Bangladesh often makes major news all over the world. However, unlike most other countries, it is not because of politics but for devastating natural catastrophes causing huge death tolls and substantial destruction. This Southern Asian LDC, since her independence in 1971, has got been struggling with many socioeconomic and socio-political concerns such as- rapid populace progress, poverty, illiteracy, gender disparity, slow monetary development, institutional inertia, political instability, violence and so forth. But from last two decades she started fighting a fresh problem- the adverse effects of climate transformation in the type of natural disasters (Miliband, 2009). Over the last two decades these disasters have become frequent phenomena contributed miserable suffering to an incredible number of inhabitants who are susceptible to the climatic shocks (GoB, 2005). In other words, weather risk for Bangladesh is relatively higher than almost every other countries of the globe. The Global Weather Risk Index made by Germanwatch implies that Bangladesh is at the surface of the ranking of most afflicted countries by climatic severe events over the last 2 decades. Table 1.1 shows the overall ranking made by Germanwatch.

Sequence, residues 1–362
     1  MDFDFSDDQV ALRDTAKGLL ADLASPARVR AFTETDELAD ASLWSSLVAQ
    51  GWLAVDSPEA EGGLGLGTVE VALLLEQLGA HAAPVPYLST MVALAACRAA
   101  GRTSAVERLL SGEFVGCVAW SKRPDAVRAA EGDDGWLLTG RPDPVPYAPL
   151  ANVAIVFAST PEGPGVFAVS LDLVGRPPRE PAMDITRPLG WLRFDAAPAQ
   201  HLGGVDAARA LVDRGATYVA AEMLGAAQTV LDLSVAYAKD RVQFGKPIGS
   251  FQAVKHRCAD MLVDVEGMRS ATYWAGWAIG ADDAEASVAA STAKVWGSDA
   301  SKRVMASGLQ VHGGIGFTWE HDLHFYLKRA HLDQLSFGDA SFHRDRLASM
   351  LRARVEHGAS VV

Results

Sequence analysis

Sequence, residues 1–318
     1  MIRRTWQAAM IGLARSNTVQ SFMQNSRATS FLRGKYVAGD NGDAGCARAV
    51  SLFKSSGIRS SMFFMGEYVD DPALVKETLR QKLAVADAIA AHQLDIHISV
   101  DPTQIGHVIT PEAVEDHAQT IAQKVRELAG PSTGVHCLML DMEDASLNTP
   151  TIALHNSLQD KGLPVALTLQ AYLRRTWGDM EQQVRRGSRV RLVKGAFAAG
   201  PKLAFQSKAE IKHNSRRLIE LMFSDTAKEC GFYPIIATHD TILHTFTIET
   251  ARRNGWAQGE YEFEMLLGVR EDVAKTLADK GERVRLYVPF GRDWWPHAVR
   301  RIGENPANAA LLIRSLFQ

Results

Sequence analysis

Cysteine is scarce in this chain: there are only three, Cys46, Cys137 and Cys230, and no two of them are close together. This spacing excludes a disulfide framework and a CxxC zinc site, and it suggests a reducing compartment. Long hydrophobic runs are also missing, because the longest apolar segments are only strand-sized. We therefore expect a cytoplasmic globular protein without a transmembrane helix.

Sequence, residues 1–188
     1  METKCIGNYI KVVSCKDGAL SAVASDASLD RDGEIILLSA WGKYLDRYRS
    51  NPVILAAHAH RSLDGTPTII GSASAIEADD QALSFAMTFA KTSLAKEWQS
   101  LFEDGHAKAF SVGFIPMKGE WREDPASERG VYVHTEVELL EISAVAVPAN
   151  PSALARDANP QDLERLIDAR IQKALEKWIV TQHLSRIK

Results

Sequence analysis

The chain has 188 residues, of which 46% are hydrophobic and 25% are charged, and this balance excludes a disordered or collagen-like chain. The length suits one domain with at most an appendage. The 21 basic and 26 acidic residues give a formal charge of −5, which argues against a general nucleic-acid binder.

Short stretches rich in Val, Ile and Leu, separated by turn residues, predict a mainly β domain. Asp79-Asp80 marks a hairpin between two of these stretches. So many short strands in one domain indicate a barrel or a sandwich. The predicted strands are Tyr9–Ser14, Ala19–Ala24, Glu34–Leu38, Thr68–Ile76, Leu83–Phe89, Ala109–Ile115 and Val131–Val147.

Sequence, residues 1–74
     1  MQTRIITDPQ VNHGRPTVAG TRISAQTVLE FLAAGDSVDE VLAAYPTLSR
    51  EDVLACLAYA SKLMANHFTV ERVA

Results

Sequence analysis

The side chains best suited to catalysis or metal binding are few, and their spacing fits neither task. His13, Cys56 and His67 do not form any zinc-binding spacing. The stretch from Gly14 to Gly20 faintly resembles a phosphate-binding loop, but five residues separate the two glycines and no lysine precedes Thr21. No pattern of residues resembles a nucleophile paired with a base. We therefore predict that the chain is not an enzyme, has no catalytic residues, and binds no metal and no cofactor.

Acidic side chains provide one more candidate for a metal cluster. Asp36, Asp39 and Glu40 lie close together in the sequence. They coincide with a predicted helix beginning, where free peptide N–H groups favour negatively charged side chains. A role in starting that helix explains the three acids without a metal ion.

Table 1.1 Long term Climate Risk Index (CRI) for some damaged countries for period 1990-2008




CRI Score

Death toll*


Total looses in million US$ PPP*

Losses per GDP in %*



















































Dominican Republic




















* Annual

Source: Germanwatch, 2010

that the most typical disasters happen to be flood and cyclone. Recent IPCC assessment reports (TAR, 2001 and AR4, 2007) also reveal that during the last two decades both of the above-mentioned disaster-events have grown to be more repeated and devastating for Bangladesh. It is learnt from IPCC reports that 5-10% increase in wind speed is very likOn basis of above-mentioned table, it really is easy to apprehend why Bangladesh was cited several occasions in COP15 held in Copenhagen in 2009 2009. At present this country is much more likely to uncovered towards climatic extreme events than the majority of the countries in the world (UNFCCC, 2009). These situations, in form of natural disasters range from ravaging cyclones to devastating floods (Muhammad, 2007). Pursuing Table 1.2 has an overall idea on most devastating disasters happened in Bangladesh since early on twentieth century. This table shows

Table 1.2 Disaster-log in Bangladesh since early 1900s














October 1942


August 1987




June 1988


May 1965




June 1965




July 1968






September 2000


July 1974




July 1983




May 1984



Source: EMDAT